Like Busses

I have a strange approach to memory.  I mean, I don’t know because I don’t really know how anyone else’s memory works, even when they say ‘oh my memory is terrible’.  It’s all approximation, baby.  But I’m going to go ahead and presume that mine is neither orthodox or particularly good.


I can’t remember dates, years, locations, events or even humans very well, but if I try to remember a very particular thing, like, when did I first hear the phrase, ‘Like busses, there’ll be two along at the same time’, what I see in my head is a wind swept playground in front of a low red brick primary school.  I don’t know if there’s any correlation between this phrase and the place, but it’s what I see in my head.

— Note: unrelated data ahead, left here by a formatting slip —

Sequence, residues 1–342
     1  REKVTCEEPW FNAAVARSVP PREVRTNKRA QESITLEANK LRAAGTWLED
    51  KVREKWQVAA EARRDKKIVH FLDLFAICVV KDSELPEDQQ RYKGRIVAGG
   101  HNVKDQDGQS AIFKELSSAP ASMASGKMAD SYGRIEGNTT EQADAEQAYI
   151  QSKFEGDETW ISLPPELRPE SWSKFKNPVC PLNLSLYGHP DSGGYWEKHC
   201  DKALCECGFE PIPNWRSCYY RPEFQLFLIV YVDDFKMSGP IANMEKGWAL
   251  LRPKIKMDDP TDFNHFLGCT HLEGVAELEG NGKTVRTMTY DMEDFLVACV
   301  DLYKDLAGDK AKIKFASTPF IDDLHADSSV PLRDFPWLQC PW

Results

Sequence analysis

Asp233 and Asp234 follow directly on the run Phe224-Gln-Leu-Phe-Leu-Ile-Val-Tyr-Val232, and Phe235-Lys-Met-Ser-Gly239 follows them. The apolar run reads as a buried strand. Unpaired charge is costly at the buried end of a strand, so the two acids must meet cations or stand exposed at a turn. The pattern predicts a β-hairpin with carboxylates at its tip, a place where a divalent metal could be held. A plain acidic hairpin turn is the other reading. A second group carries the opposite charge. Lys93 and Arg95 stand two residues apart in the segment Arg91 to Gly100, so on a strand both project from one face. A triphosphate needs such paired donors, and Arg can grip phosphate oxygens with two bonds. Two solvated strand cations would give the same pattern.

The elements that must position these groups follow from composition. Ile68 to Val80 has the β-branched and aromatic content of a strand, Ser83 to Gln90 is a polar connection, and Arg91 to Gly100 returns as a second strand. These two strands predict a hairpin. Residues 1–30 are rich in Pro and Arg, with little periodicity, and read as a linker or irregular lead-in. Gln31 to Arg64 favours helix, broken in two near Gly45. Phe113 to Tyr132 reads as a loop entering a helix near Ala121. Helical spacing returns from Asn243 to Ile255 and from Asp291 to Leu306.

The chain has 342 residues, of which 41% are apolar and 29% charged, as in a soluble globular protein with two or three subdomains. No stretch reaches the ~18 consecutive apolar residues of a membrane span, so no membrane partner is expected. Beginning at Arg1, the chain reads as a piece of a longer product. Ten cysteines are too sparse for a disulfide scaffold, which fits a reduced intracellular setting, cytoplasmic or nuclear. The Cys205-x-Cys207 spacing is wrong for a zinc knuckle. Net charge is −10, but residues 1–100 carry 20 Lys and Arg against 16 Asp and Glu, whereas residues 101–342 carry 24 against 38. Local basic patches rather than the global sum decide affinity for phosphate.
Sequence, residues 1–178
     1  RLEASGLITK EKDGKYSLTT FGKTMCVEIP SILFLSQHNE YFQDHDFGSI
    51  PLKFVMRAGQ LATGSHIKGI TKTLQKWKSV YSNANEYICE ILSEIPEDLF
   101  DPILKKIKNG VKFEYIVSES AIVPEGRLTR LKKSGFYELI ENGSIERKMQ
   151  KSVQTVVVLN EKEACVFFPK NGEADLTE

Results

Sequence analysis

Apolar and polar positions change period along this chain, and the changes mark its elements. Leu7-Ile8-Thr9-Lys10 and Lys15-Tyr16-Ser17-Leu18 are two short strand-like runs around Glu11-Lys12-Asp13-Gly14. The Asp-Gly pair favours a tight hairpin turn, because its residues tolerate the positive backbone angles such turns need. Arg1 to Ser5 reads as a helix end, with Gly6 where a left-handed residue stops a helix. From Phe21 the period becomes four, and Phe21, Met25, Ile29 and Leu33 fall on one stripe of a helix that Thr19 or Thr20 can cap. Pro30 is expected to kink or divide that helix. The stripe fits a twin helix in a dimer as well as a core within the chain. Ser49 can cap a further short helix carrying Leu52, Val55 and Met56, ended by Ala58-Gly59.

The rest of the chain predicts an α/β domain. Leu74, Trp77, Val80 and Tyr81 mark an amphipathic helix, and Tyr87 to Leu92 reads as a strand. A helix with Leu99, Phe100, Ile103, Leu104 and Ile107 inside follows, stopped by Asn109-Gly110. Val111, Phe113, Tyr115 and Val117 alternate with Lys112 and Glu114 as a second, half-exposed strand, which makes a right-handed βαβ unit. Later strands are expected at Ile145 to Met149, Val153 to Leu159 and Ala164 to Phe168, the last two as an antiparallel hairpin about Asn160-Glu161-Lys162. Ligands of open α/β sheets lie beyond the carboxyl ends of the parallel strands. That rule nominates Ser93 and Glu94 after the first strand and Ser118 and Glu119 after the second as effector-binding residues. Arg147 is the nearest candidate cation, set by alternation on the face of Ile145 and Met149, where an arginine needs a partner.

I am envious, in awe and suspicious of people who can recall moments with ease.  How the fuck does anyone write an autobriography?  ‘I first met Joaquin at a drinks party given by Sooki.  We were at a bar in Mayfair, The Chiselled Chimp’.  He was wearing a blue cashmere rollneck and initiated conversation by enquiring after my Chagalls.  We drank ‘Noisy Williams’ till dawn ..’  (Yes, this is my idea of glamour. No apologies.)


How do people remember to remember this detail? Or do people who write autobiographies have the self belief to think ‘I should probably note all this down because I’m the kind of important person who will have to write an autobiography one day’? Which is how and why they end up writing an autobiography.